Good Samaritan Staff Nutritionist Jerlyn Jones teaches healthy cooking classes in the facility’s teaching kitchen, and patients learn how to prepare healthy seasonal meals that often incorporate produce from the farm. (A recent class covered herbed potato salad, a tasty and tactical choice for July; “I try not to turn on the oven in the summer,” Jones said.)

Jones also runs the brand-new produce prescription program. The program works like this: patients are referred by their healthcare provider, and receive a half share of the farm’s CSA for a month. They also get one-on-one nutritional counseling with Jones, and attend the aforementioned healthy cooking classes, and are sent home with recipes for how to cook the fruits and vegetables they’ve received. The healthcare staff at Good Samaritan will then monitor participants’ progress through biometrics.

The goal isn’t just to introduce more fruits and vegetables into patients’ lives in the short term—ideally, participation in the program will inspire people to shift their priorities towards incorporating more of them in the long term as well.

Wholesome Wave, the national organization that doubles federal nutrition benefits at farmers markets across the country, has a Fruit and Vegetable Prescription Program that “fosters innovative partnerships between healthcare and community food providers to make a direct connection between increased consumption of fresh fruits and vegetables and improved health among vulnerable community members.” (You can read more about the program’s outcomes here.)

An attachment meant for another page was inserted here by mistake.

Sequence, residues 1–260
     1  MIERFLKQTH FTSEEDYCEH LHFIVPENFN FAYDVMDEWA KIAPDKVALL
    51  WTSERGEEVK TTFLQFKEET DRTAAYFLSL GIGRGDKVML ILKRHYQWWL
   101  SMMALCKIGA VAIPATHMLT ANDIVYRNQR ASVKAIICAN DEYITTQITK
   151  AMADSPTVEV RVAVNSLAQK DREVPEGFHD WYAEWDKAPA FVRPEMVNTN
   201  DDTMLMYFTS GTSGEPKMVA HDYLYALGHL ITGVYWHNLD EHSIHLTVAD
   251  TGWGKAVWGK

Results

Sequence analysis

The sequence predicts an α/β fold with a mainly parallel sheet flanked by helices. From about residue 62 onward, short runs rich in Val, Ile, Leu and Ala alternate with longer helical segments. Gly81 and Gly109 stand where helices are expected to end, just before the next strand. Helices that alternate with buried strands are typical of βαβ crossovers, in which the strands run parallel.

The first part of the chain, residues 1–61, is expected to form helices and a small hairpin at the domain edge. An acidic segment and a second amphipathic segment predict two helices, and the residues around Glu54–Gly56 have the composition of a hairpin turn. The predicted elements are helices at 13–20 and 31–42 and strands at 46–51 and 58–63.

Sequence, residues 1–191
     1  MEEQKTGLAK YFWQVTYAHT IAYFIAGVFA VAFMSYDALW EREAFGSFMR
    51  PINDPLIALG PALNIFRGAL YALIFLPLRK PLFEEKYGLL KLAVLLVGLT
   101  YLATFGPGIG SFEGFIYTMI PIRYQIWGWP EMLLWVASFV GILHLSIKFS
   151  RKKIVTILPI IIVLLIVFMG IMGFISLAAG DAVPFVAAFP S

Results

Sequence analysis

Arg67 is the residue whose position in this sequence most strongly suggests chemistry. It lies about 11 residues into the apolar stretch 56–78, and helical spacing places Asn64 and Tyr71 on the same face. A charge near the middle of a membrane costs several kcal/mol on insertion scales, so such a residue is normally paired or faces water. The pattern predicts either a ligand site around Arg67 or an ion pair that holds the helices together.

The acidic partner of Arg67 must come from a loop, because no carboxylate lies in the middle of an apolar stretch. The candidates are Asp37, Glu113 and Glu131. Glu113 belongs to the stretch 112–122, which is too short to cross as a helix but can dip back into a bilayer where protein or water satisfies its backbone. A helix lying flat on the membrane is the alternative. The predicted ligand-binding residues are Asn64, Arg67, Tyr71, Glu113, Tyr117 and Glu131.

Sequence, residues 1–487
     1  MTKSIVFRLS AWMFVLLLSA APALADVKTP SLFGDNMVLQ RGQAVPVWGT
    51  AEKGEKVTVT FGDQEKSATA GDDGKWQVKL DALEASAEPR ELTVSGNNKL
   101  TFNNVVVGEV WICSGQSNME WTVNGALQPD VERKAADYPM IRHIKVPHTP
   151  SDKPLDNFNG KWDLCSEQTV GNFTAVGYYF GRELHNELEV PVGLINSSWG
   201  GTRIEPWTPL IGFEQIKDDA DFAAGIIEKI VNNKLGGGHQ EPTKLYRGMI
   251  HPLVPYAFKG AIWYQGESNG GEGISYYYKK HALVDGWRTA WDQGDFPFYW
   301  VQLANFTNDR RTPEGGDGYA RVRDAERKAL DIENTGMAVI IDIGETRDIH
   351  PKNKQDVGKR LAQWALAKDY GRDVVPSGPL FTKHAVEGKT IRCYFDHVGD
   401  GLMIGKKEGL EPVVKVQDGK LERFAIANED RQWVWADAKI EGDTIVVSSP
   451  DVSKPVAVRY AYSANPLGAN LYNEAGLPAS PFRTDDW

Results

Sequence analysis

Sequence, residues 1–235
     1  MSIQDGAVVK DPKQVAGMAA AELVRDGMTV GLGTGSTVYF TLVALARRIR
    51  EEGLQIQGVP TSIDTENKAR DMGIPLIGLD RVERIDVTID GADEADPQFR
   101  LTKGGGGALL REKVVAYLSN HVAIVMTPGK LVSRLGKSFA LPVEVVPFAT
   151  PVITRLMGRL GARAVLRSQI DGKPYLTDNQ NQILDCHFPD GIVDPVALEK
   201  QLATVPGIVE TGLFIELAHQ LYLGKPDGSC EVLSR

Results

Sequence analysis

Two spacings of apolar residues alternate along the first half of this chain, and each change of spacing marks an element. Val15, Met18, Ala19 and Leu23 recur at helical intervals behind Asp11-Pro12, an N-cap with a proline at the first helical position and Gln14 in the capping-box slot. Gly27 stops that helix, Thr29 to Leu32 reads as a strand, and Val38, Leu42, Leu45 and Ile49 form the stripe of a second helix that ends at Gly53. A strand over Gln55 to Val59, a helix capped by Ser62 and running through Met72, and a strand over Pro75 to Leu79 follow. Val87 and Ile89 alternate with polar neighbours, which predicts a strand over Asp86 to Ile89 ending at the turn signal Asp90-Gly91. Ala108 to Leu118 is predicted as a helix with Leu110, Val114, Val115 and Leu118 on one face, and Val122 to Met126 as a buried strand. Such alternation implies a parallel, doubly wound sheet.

Wholesome Wave’s program is currently in seven states, but Good Samaritan’s program is the first of its kind to roll out in Georgia. (We should also note that Good Samaritan’s program isn’t part of the Wholesome Wave program.)

“We can’t feed everyone in Atlanta,” said Warren. “We’re a thimble trying to bail out a boat. But we’re creating a benefit for people in that thimble.” One of the goals for the produce prescription program is to make it replicable for other health care facilities.

Good Samaritan1CSA

The Good Samaritan Health Center’s urban farm also sells its produce through a Community Supported Agriculture program (CSA).

“Not only do CSAs support farmers and urban agriculture, they also support local food and sustainable sourcing.” said Caitlin Hildebrand, a MD and Masters of Public Health candidate at Emory University, who has been instrumental in the implementation of the CSA program as a volunteer. “Our CSA also supports food access for all, regardless of socioeconomic status.”

The Good Samaritan Urban Farm provides food to people who are trying to change their eating habits and learn about good nutrition. Supporting their CSA program supports this farm’s outreach work as well. In the future they also hope to start accepting SNAP benefits (formally known as food stamps) so they can better serve their community.

For those who are worried about what to do with all this produce, the Good Samaritan Health Center provides healthy cooking classes using ingredients that will likely be in the CSA boxes. They even have a Pinterest recipe board to inspire you! To learn more about the CSA or join, click here.